Over the years, many researchers have studied this approach, and it works like magic. That is what has been able to create several innovations in this field.
Improvement in seed, planting design, and intelligent application of farm chemicals are some of the changes that have occurred under this level. So, it can be advantageous.
Level 2- Change Inputs and Practices
At this level, agroecology focuses on creating renewable, eco-friendly, and naturally sourced practices for better efficiency and benefits. So, it typically embraces the idea of
organic farming. This concept is similar to keeping a check on our daily diet to foster well-being. So, instead of using synthetic nitrogen fertilizers, we could replace them with nitrogen-fixing cover crops. Incorporating natural pest control and organic compost could also help foster soil fertility more dramatically in the long run.
Level 3- Restructuring the Agroecosystem
Level 3 incorporates extensive research on diverse factors relating to the entire system of conversions. It also helps understand the primary yield-limiting aspects to be noticed.
To help bring the suitable design alterations into action, continued research is conducted in agroecological design, function, and structure. Reintroduction of farm biodiversity could be a great example of level 3 implementation. Agroforestry, multiple cropping, and permaculture could also be significant actions to implement here.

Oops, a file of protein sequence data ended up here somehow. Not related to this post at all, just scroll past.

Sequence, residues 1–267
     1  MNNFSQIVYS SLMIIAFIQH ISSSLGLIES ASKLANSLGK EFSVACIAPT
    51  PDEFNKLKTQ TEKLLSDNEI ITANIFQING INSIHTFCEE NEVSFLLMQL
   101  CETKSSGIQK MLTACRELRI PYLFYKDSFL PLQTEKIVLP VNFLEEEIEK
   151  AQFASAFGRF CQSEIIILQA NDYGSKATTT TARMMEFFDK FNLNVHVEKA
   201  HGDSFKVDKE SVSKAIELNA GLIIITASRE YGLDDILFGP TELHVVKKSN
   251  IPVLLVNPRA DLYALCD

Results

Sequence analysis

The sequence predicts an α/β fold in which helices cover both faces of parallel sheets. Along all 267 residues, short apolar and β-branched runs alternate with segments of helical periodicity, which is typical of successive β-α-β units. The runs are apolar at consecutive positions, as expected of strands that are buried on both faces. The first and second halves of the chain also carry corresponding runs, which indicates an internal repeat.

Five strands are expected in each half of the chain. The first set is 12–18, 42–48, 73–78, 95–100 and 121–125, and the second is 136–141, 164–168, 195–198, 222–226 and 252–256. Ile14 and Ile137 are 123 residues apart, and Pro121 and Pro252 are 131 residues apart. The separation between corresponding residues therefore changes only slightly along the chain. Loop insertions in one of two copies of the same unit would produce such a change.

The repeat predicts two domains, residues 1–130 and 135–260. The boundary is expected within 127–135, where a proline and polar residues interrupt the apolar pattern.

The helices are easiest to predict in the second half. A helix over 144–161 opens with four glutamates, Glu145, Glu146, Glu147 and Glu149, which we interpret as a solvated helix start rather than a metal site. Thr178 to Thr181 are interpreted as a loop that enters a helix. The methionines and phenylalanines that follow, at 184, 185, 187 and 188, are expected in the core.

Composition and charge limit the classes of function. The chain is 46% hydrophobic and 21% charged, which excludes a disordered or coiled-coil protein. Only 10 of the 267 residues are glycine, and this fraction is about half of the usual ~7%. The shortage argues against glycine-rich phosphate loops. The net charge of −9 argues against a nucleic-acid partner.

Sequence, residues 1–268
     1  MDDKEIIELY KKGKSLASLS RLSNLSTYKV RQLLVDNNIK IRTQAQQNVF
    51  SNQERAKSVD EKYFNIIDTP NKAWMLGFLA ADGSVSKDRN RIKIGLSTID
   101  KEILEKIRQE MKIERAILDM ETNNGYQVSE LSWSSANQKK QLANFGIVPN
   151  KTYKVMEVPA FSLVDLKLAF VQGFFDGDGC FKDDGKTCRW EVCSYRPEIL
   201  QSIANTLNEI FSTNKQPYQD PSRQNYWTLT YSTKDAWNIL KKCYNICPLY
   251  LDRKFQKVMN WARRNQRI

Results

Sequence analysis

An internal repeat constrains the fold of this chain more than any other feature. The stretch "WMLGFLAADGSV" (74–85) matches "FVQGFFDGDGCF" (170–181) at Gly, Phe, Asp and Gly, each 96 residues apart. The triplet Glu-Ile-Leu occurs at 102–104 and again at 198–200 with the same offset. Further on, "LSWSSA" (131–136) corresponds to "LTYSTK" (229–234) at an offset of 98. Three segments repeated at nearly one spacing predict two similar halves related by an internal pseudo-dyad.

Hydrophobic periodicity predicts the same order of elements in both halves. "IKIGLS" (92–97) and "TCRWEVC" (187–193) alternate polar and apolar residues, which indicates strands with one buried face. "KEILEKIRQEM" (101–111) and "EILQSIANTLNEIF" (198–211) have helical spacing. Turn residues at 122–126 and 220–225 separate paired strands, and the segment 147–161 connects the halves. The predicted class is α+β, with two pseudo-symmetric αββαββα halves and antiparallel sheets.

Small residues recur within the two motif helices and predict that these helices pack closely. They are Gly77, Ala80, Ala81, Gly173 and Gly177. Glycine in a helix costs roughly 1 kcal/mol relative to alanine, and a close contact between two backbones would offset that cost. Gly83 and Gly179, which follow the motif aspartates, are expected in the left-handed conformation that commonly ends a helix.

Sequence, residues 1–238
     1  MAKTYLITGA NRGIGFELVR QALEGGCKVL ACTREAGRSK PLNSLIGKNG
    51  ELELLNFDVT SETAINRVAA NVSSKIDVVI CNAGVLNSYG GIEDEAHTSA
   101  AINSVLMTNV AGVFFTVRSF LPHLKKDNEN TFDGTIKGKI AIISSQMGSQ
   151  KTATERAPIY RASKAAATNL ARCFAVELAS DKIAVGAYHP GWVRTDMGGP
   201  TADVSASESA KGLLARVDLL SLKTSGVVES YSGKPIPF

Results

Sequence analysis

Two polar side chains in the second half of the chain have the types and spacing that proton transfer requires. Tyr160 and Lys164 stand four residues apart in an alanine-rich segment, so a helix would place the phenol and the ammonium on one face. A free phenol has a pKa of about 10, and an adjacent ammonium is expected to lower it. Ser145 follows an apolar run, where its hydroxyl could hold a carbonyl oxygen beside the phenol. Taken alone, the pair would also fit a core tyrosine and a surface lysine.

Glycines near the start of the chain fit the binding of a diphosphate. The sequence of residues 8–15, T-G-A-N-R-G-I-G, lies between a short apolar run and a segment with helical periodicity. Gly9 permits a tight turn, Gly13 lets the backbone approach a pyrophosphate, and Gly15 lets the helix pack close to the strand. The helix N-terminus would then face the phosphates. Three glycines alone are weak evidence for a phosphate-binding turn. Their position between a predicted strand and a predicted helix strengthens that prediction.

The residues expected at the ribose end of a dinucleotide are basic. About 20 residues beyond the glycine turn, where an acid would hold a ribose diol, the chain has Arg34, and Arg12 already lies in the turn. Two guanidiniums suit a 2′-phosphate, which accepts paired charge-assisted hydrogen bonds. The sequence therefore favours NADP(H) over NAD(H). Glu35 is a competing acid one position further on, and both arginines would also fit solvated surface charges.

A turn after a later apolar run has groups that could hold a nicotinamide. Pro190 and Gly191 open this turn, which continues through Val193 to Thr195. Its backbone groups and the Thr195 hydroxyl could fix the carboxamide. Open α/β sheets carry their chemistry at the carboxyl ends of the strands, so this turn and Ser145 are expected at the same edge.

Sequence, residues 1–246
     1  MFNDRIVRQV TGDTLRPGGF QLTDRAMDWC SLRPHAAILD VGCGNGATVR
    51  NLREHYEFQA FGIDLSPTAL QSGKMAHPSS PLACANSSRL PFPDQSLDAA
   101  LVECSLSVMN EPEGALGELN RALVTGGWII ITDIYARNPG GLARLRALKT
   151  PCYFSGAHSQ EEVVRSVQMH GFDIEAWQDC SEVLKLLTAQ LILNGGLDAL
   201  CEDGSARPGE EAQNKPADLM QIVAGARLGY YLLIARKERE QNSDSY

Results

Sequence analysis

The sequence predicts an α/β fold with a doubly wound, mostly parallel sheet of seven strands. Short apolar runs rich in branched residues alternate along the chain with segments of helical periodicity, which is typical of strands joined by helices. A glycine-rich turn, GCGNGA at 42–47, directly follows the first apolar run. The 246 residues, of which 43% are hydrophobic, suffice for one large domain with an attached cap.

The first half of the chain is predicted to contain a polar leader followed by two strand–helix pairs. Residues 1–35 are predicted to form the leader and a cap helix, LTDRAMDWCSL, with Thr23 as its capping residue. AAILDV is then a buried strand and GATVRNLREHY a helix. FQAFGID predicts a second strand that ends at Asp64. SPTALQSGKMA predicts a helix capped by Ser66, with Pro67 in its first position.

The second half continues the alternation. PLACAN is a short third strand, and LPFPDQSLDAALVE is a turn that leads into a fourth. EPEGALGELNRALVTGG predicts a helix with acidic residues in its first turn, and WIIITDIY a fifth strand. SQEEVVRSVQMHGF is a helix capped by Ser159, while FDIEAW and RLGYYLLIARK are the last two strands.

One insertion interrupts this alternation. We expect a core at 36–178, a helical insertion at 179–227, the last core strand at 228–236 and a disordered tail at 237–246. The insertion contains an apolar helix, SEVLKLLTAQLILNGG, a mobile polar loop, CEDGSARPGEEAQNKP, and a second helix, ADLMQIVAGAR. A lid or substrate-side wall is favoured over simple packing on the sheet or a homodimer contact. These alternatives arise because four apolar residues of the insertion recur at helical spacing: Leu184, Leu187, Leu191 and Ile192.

Level 4- Foster Improved Relationships
At this point, organic farming culture expands, and people are encouraged to consume home-grown foods. The purchasing and eating of in-grown and processed foods locally is a good practice at this level.
Food citizenship occurs by performing these significant steps that become the trailblazer to push agro-ecological changes in the food system.
By focusing on this level of agroecology, a lot of things can change for the better. Also, the relationship between local growers and consumers can get better.
Level 5- Build a Better Tomorrow
At this level, it becomes significant for you to focus on curating a new global food system that goes beyond the usual measures. So, your focus should be on creating sustainability that proceeds towards the path of restoration.
This way, you can help make the most of your natural resources and protect the Earth. So, creating a sustainable food system no longer feels like a tedious task.
This is a deeper level of agroecology that can transform the entire food system. It encourages the idea of embracing sustainability and dumping unnecessary food wastage.
Most of the social, economic, and environmental crisis we face in the world today is a result of the way we organize our food systems. And by implementing agroecological processes, we have a way to respond to instability and meet a significant increase in our food needs without causing any economic, environmental, or social damage.